name changing

“Keeper” and “changer” sound so dirty…

Posted in Feminism, marriage, name changing on August 22nd, 2010 by steph – Comments Off on “Keeper” and “changer” sound so dirty…

Apparently 77-95% of women (a large range in estimates there depending on the study, almost 20%!) change their names when they get married. This surprised me, but maybe it shouldn’t have. I suppose I assumed that because I personally wouldn’t change my name, that quite a lot of people I know (who are quite similar-minded) wouldn’t either. But I suppose it is seen as the norm for many people, and not something that there would even be a question about. The only married friend I know is a “changer”. Growing up, I always thought I would be because I hated my last name (and being teased by a boy with the last name McDonald-Bates; a name ripe for the mocking itself). It never crossed my mind to just get a legal name change; probably the idea that one grows up and gets married was such a ingrained concept to me (and many others…) that  I never considered any other method of name change. But at some point I got used to my name as it is, and I like the sound of it. Also, doing what I do, job-wise, means I am carving out a name for myself, and, as is brought up in the article, this can bring up the issue of “brand protection”.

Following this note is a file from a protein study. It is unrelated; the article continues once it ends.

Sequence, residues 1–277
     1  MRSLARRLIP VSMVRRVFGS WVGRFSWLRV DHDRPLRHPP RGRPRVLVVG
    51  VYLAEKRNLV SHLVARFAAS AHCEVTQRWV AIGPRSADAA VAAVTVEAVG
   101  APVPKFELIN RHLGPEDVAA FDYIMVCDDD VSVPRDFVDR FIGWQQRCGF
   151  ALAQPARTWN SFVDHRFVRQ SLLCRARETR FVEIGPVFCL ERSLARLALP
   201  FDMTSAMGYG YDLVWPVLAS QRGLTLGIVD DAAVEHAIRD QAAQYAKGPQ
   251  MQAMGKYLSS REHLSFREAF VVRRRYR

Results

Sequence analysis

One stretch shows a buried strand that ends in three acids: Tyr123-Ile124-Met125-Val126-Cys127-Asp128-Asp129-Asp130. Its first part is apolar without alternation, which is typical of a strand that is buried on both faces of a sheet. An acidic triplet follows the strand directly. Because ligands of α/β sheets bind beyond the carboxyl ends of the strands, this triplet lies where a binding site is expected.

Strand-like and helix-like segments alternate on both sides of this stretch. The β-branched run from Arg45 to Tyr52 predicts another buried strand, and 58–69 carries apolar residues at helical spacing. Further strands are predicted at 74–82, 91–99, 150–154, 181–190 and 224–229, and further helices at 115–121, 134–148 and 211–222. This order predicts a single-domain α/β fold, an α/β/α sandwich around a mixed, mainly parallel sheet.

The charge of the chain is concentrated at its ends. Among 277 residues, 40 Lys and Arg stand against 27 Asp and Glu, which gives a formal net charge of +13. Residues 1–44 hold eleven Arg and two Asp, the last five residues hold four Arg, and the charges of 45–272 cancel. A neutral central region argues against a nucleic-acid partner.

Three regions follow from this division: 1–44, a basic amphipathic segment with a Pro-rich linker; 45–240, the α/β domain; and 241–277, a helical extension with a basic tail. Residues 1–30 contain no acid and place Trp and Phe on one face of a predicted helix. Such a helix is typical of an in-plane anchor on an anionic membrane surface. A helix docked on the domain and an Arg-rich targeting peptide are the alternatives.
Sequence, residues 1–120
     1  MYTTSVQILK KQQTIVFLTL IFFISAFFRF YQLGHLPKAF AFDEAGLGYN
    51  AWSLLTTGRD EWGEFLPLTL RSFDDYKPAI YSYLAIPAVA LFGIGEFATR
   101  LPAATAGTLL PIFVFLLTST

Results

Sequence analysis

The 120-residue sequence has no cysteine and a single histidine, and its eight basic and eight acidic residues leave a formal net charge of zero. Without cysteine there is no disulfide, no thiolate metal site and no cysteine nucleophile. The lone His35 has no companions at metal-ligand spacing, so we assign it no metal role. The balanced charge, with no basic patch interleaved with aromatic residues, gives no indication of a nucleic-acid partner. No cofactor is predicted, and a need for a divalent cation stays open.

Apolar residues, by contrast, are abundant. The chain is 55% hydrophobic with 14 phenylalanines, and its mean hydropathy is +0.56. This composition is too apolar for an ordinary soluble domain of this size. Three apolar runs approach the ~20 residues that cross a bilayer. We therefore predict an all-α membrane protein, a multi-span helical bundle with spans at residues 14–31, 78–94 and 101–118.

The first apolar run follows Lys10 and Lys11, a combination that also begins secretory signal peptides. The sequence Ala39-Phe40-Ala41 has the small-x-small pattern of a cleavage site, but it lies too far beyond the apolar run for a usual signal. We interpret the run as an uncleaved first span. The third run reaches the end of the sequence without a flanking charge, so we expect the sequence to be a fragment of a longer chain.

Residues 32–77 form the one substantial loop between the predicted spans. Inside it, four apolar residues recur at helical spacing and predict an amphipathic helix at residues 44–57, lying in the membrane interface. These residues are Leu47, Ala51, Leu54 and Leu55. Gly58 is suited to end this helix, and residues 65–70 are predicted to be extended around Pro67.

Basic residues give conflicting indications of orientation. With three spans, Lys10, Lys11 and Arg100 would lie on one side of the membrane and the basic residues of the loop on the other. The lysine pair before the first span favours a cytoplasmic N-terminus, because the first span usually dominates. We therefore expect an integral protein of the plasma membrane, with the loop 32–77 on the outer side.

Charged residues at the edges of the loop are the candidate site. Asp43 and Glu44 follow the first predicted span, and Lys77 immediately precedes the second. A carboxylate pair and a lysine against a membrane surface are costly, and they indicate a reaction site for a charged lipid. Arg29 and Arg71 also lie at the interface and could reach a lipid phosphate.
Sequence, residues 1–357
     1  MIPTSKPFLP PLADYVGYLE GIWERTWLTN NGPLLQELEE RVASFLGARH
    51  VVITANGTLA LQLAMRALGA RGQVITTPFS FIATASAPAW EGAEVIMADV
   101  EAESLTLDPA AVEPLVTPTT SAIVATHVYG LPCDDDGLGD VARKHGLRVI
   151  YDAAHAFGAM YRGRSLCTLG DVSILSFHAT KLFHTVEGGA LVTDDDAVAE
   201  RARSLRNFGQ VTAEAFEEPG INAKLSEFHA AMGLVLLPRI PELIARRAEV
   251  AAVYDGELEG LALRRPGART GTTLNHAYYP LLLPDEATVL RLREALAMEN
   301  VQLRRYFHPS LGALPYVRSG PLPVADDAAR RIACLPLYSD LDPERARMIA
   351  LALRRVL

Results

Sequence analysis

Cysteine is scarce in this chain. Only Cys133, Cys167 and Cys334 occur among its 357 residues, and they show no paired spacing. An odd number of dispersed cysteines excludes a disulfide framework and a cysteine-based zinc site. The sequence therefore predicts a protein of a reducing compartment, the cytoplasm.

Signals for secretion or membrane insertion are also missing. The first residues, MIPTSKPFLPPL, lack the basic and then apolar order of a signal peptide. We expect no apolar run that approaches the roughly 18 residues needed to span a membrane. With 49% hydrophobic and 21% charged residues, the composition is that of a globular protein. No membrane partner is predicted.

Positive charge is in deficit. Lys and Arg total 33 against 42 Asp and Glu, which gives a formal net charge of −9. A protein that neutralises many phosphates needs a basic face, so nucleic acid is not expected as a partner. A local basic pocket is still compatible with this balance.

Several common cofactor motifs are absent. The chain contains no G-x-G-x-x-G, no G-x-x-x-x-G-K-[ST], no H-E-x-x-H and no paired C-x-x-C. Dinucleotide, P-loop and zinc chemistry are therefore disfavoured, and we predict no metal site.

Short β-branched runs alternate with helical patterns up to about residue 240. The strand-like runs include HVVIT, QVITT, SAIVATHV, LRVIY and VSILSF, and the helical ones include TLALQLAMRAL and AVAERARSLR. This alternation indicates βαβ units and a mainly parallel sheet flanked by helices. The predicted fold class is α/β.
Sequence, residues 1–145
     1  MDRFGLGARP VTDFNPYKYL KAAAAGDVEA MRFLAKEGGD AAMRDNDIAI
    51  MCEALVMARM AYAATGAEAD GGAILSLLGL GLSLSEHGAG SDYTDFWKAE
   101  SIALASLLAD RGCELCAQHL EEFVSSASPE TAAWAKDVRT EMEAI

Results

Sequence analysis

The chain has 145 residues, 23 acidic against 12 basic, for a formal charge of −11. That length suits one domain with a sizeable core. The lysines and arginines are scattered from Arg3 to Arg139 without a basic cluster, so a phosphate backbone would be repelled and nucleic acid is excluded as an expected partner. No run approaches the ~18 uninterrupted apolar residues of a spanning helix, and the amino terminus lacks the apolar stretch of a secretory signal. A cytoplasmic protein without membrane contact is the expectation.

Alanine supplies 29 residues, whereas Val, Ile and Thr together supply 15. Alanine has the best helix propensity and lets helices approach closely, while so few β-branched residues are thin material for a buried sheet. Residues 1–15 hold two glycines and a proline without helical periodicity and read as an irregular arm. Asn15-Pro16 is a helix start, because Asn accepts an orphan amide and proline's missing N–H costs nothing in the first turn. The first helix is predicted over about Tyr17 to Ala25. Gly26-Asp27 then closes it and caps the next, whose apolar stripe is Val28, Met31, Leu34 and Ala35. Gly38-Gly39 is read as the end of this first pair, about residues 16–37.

It can be a surprisingly touchy issue; some people view a woman who chooses not to change her name as not being loyal or devoted enough to her husband. (A man isn’t expected to change his name to prove his loyalty or anything like that. Surely the whole process of getting married is kinda sorta meant to be symbolic of loyalty anyway, but whatevs. People also get all ‘think of the children!’ and collapse on their fainting couch worrying about what last name any children of the couple would have.

One of the things I noticed in this article is that not changing your last name is framed as the feminist choice, and something one would only be motivated to choose because of feminism (we feminists are always bucking tradition and norms!). But that’s misleading, because not only does it paint “keepers” as feminists (and we all know what that means: deviants, stirrers, all kinds of naughty bad things), but it paints “changers” as being women who are brainless, tradition-following sheep (but in a good way!). And I think either keeping or changing can be the feminist option here, because the feminist choice is actually having a choice and exercising it.